Old Wives' Tales
Radio & TV
Toxin du jour
Claim: Eating celery results in negative calories.
Example: [Collected on the Internet, 1999]
Origins: Ours is a weight conscious society, obsessed with the chimera of physical perfection and frantic in its pursuit of the trim waistline. Yet ours is also an overfed society adrift in an endless sea of gastronomic temptation, and an under-exercised one in that our daily routines provide us with significantly less physical exertion than that of our ancestors. As a result, almost all of us
The promise of a
The calories in food are a measure of energy content. For something we eat to be a source of "negative calories," it must provide fewer of these units of energy than we expend in consuming it. Yet everything contains calories, so at first this concept appears impossible. Therefore, the hunt is on for ingestibles whose energy content is not released into our bodies because we humans lack the ability to break them down — it doesn't matter how many calories these goodies have, provided we can't extract them. Cellulose in plants is one such substance: although it contains a goodly amount of carbohydrates, they are packaged in a form we cannot digest, so we fail to absorb their calories.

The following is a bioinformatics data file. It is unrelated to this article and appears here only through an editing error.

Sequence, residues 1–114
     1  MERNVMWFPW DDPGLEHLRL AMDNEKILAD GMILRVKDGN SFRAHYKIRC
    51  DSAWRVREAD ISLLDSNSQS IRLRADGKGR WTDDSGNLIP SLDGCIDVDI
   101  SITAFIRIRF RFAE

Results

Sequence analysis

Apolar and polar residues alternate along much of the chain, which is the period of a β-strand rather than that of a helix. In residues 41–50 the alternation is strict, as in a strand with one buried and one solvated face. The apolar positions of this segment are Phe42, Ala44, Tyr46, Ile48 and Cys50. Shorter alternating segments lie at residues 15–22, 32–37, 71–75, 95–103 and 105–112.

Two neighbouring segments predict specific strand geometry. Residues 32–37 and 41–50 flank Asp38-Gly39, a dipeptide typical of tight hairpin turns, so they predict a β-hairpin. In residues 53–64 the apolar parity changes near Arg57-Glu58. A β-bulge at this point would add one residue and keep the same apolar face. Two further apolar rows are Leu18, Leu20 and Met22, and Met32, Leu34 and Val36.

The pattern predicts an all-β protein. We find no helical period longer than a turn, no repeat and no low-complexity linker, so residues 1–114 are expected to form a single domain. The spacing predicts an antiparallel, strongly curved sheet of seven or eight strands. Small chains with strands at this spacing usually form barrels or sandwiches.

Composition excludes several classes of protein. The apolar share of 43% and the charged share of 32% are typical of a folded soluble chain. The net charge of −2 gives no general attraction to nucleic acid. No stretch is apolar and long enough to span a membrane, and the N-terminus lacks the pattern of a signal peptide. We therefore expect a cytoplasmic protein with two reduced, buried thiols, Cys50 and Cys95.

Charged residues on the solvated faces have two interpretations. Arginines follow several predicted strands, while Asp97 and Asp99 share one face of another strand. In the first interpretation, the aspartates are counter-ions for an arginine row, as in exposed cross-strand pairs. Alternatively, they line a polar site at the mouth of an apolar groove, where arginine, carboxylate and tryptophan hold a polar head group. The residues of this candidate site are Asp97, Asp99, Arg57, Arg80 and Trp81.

Celery has about
Yet as enticing as all this sounds, the dietary bankroll built by this approach would be very small, probably amounting to no more than a few dozen calories a day. In a world where it takes 3,500 calories to work off a single pound of fat, feasting on celery would make only the merest difference.
There have been those who have taken this tiny sliver of truth and used it to form the basis of what they tout as "negative calorie diets," proving once again that anything can form the core of a diet plan someone wants to sell to others, provided it contains a notion that so much as vaguely sounds like it might work and weds it to the promise of easy, quick, effortless, and pain-free weight loss.
But in defense of celery, we note that even if it doesn't contribute mightily to a caloric imbalance which serves to work waistline magic, those who are eating it aren't eating something else. Sometimes the key to a successful reducing plan is not so much the ingestion of "good" foods as it is the avoidance of "bad" ones. And it's hard to sneak a chocolate bar into a mouth that's busy chewing celery.
Celery serves one final purpose in the battle of the bulge: it's a symbol of dietary virtue and singleminded intent. Its presence in our refrigerators signals to all comers that we are serious about the weight loss plan this time around.
Barbara "lock, stalk, and barrel-chested" Mikkelson
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